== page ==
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Larry Sanger Speaks Out The Wikipedia co-founder discusses Katherine Maher(Wikipedia CEO Katherine Maher, who is now the CEO of NPR) and the corruption of the Internet.


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City Journal

Larry Sanger remembers the promise of the web. He co-founded Wikipedia in 2001, with the hope that it could sustain a “free and open” Internet—a place where information, dissent, and creativity could thrive. At Wikipedia, he proposed a system of rules that encouraged users to “avoid bias” and maintain a “neutral point of view.”

That Internet is gone.

I reached out to Sanger following the revelation, from my original reporting, that former Wikimedia Foundation CEO Katherine Maher, who is now CEO of NPR, had explicitly rejected the principles of a “free and open” Internet, collaborated with government officials to censor dissent, and spurned the concept of objective truth altogether, in favor of left-wing relativism.

Sanger told me he was shocked, but not surprised.

Our conversation, which has been edited for length and clarity, should prompt champions of the free and open Internet to push back against the rising censorship regime before it is too late.

Christopher Rufo: What are you thinking as you’re watching these statements from former Wikipedia CEO Katherine Maher, who is now the CEO of NPR?

Larry Sanger: I’ve been following your tweets. You’ve kind of shocked me. The bias of Wikipedia, the fact that certain points of view have been systematically silenced, is nothing new. I’ve written about it myself. But I did not know just how radical-sounding Katherine Maher is. For the ex-CEO of Wikipedia to say that it was somehow a mistake for Wikipedia to be “free and open,” that it led to bad consequences—my jaw is on the floor. I can’t say I’m terribly surprised that she thinks it, but I am surprised that she would say it.

Rufo: In another clip, she says explicitly that she worked with governments to suppress “misinformation” on Wikipedia.

Sanger: Yes, but how did she do that in the Wikipedia system? Because I don’t understand it myself. We know that there is a lot of backchannel communication and I think it has to be the case that the Wikimedia Foundation now, probably governments, probably the CIA, have accounts that they control, in which they actually exert their influence.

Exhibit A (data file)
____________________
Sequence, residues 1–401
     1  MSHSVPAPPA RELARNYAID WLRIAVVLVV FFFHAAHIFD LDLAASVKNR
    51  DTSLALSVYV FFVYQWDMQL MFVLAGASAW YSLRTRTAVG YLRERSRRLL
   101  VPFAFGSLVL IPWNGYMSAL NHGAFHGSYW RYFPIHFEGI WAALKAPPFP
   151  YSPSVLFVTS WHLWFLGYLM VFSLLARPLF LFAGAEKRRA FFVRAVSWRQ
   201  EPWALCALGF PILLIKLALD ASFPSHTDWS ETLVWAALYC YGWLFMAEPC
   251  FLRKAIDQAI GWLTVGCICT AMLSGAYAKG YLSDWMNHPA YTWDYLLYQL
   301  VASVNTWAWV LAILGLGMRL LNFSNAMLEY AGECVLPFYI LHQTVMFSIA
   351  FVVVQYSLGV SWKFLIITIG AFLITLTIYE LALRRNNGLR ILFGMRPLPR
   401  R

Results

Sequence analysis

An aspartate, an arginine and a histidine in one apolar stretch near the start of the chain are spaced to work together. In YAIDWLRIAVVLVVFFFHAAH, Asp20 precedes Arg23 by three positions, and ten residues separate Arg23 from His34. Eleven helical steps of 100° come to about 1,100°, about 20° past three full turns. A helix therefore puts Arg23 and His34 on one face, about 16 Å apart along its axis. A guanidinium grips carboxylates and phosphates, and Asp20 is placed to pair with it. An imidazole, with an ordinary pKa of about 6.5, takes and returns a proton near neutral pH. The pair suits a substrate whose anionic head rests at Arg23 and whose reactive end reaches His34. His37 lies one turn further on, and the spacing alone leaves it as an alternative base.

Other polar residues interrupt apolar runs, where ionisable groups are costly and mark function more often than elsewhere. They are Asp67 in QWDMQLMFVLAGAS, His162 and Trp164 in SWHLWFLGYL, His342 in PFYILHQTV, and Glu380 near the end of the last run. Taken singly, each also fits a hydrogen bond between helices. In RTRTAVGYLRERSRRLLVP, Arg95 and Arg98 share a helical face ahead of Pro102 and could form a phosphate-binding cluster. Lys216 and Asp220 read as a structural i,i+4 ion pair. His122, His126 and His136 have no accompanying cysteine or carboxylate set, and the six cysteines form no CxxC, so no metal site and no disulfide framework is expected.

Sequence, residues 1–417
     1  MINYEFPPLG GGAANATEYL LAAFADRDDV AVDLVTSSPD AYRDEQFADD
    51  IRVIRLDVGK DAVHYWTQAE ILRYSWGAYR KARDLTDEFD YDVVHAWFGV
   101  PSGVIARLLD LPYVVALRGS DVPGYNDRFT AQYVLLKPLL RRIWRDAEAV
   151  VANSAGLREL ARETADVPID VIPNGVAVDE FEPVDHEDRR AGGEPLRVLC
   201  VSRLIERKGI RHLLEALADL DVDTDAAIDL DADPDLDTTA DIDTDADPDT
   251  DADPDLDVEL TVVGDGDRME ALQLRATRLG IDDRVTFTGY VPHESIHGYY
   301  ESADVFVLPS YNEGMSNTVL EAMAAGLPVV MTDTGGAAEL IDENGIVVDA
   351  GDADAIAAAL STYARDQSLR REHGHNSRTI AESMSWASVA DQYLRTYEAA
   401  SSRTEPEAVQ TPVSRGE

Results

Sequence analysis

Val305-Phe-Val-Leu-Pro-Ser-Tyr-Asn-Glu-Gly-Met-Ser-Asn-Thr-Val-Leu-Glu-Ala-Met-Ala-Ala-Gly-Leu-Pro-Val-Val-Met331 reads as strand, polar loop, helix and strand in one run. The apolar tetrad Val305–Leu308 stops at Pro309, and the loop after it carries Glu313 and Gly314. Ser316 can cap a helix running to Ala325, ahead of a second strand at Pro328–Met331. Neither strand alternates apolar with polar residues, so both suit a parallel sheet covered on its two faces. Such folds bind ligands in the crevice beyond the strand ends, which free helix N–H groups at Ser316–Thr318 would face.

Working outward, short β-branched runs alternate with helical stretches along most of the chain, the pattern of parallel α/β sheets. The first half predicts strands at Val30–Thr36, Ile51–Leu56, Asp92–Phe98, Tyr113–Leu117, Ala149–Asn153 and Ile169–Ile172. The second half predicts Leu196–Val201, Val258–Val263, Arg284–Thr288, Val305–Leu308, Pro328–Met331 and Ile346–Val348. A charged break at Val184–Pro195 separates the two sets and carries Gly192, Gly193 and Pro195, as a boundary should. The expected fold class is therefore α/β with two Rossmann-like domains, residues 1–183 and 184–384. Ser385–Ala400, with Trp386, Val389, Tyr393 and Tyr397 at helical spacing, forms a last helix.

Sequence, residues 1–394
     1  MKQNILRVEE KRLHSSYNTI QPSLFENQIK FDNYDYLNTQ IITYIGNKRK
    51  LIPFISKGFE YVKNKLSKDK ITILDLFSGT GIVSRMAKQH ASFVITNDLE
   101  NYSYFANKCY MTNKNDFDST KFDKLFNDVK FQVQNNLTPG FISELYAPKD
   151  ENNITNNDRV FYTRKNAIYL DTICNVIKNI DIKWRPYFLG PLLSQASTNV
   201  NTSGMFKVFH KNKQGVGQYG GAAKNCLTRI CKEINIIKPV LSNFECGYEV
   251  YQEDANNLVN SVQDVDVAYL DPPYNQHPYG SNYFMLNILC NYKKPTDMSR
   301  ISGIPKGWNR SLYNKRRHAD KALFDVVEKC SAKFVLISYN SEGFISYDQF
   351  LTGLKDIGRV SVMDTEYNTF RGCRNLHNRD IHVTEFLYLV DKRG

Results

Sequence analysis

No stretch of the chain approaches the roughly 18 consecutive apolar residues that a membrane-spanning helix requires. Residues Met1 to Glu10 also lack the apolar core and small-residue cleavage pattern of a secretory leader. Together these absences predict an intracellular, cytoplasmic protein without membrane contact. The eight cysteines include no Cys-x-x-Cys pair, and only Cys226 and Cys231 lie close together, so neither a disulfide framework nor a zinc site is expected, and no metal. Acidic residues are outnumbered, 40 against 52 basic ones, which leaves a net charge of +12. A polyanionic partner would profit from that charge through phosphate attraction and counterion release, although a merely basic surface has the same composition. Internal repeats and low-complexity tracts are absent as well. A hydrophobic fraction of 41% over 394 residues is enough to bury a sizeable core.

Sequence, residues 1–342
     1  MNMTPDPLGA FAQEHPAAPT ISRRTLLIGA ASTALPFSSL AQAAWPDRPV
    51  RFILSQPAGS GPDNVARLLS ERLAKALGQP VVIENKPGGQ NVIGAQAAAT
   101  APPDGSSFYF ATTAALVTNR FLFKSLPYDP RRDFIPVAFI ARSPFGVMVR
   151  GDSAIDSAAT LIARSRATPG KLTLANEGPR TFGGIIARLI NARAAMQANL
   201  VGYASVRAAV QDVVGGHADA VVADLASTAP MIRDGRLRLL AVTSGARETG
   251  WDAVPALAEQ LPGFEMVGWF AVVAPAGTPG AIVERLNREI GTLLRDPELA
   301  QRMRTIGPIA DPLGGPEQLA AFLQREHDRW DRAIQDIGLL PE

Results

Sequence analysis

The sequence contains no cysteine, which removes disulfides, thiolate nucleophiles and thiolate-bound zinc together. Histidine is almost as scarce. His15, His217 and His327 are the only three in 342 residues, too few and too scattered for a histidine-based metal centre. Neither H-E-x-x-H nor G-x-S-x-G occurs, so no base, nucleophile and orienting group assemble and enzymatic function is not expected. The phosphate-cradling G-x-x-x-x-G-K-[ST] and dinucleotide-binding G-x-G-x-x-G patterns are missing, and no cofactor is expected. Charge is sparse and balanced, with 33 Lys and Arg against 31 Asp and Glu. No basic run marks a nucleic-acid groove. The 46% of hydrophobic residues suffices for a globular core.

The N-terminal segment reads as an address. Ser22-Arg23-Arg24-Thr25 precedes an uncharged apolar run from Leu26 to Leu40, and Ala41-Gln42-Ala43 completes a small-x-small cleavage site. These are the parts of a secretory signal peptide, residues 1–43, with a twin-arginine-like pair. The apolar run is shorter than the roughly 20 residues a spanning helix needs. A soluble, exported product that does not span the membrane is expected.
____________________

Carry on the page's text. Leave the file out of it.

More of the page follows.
And it’s fantastic, in a bad way, that she actually comes out against the system for being “free and open.” When she says that she’s worked with government to shut down what they consider “misinformation,” that, in itself, means that it’s no longer free and open.

But the thing is—I’m using the words carefully here—the Wikimedia Foundation doesn’t have an authority in the Wikipedia system: the website, its talk pages, the various bureaucratic structures. It just doesn’t have the authority to shut things down. So, if Big Pharma or their government representatives want to shut down a description of their research of a Covid-critical biochemist, I want to know how that happens. And I think the other people who are at work on Wikipedia, we want to know how that happens.

Rufo: I’ve talked with some reporters who cover “misinformation” and they have noted that Katherine Maher has ties to multiple NGOs that are deeply connected to U.S. intelligence services. Do you have any suspicion that she has been working with American intelligence to shape Wikipedia entries from a distance?:snip:

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  • Geee changed the title to Larry Sanger Speaks Out The Wikipedia co-founder discusses Katherine Maher(Wikipedia CEO Katherine Maher, who is now the CEO of NPR) and the corruption of the Internet.

Bill Maher confronts his liberal audience with wild statements woke NPR CEO has made

"Real Time" host Bill Maher took swipes at NPR and its "'Portlandia' character" boss Katherine Maher following weeks of turmoil in the far-left newsroom.  

 

While discussing right-leaning voters' refusal to back President Biden in the upcoming election, Maher pointed to the dramatic saga unfolding at NPR following the bombshell essay penned by ousted editor Uri Berliner, saying "NPR is to them what this country would be if it was a permanent Democratic governorship." 

"The big show is called ‘All Things Considered.' It's not ‘All Things Considered.' He's not wrong," Maher told his panel Friday night. 

"And he pointed out, for example, that of the 87 people working in editorial positions there, 87 are Democrats. Even if you're a Democrat, you can't think this is good," Maher said. 

Maher then knocked his "namesake" NPR CEO for her woke social media posts.

"She's a ‘Portlandia’ character," Maher quipped. "She says things like ‘I mean, sure, looting is counterproductive. But it’s founded on treating people's ancestors as private property.' I mean, c'mon man. A long time ago. She says 'I suffer with cis-White mobility privilege.' I mean it's kind of White woman who says she's Beyoncé's spirit animal.":snip:

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Apr 21, 2024

Toby Young joins Fraser Myers and Tom Slater to discuss Katherine Maher, NPR’s bizarre new CEO.

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